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The Lessons of Empire

By Michael Elliott

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As Bush considers colonizing Iraq, he ought to look at the last attempt

The photograph below of a fierce-looking group of men cradling antique machine guns comes from an old album in my home. It dates from about 1930, and its caption reads, "Sheik Mahmoud of Kurdistan. Surrendered to Political Officer Victor Holt VC accompanied by F\O M.O."

"Sheik Mahmoud" was Mahmoud Barzanji, chieftain of a famous Kurdish clan, who led a series of revolts against British rule in Iraq after World War I. "F\O M.O." was Royal Air Force Flight Officer Max Oxford, my late father-in-law.

Max had splendid adventures in the service of the British Empire everywhere from central Africa to the South China Sea, but he always had warm memories of his years in Iraq, though this may be because he learned the noble sport of pigsticking there (we've got pictures of that too). I suspect, however, that his affection for Iraq was a rarity. Britain's attempt to rule there was a disaster. At a time when broad-chested conservative believers in American power and dewy-eyed Wilsonian internationalists contemplate a new imperial adventure in Iraq, it's worth recalling what happened the last time.

In the carve-up of the Ottoman Empire at the end of World War I, London thought that the best way to secure routes to India, the jewel in its imperial crown, was to dominate Mesopotamia. To that end, the treaty at the close of the war cobbled together Iraq from three Ottoman provinces, one Kurdish, one Sunni Muslim and another Shi'ite Muslim. The British moved in under a League of Nations mandate.

They didn't have a clue. In 1920 a full-scale revolt broke out. By one account, Britain lost 450 in the rebellion; other sources put the figure higher. Very quickly the British public, weary of endless war and shocked by reports that the R.A.F. routinely bombed women and children in Kurdish villages, turned against the intervention in Iraq. By the time the British slunk home in the 1930s, Iraq's brush with imperialism seemed over.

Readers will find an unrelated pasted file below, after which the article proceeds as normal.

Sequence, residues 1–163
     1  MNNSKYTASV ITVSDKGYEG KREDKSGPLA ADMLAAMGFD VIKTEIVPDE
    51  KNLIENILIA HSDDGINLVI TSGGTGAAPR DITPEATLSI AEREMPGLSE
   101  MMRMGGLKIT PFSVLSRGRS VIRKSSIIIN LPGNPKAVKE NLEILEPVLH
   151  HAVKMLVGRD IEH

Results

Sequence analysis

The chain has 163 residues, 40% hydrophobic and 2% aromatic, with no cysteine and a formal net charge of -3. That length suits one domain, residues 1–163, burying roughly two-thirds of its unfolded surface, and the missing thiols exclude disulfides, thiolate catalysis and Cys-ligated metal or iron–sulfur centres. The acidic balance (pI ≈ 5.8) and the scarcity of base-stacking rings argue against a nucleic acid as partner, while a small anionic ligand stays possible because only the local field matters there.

Or perhaps not. George Bush's speech to the United Nations last month explicitly cast America's Iraq ambitions in terms much wider than the removal of Saddam Hussein's weapons of mass destruction. Bush contemplated nothing less than a remaking of the Middle East into an area of democracy and economic freedom. The President looked forward to a day when "the people of Iraq" can join a "democratic Afghanistan and a democratic Palestine, inspiring reforms throughout the Muslim world."

Who could argue with that? Yet there is a problem with Bush's vision: it will have to be imposed from the outside. To be sure, in the past, American imperialist practice has usually been more benign than Britain's. (The R.A.F. bombed Iraqi villages that were late in paying their taxes, which even the Colonial Office in London thought was a bit much.) And America's ostensible motives today are pure (so long as we don't mention oil).

"Liberty for the Iraqi people," said Bush, "is a great moral cause." It doubtless is. But just as beauty is in the eye of the beholder, so imperialism is in the mind of the imperialized. The motive of imperialists is irrelevant. (France justified its past colonial policies by a "mission to civilize.") What matters is that imperialism means rule by others. In the end, as the old colonial powers came to understand, that breeds resentment and costs both money and young lives.

Today's neoimperialists claim that if the U.S. could rebuild West Germany and Japan after World War II, it can rebuild Iraq. But the cases could hardly be more different. Both West Germany and Japan had fixed national identities; Iraq does not. Both nations--Germany especially--had memories of democratic institutions; Iraq does not. Neither Japan nor Germany had bitter memories of prior attempts to impose colonial rule; Iraq does. Nor has Washington said precisely how Baghdad will be transformed into Omaha-on-the-Tigris.

Bush has signaled that Washington has no intention of doing the job alone; he looks to "the prospect of the U.N. helping to build a government that represents all Iraqis." But there is scant evidence that the Administration is yet thinking about what an international effort to create a new Iraq would entail or how to canvass outside help. A free Iraq in a prosperous Arab world is in everyone's interest, and unseating Saddam would be a good start down that road. It's what follows that's tricky.

The lesson of history is that reforms succeed best if they well up from within a nation, not when they are thrust upon it from outside. If the Administration seriously thinks otherwise, it would be nice to know what lessons it has learned from the failed imperialism of the past. And not just about the finer points of pigsticking.

Copyright © 2002 Time Inc.

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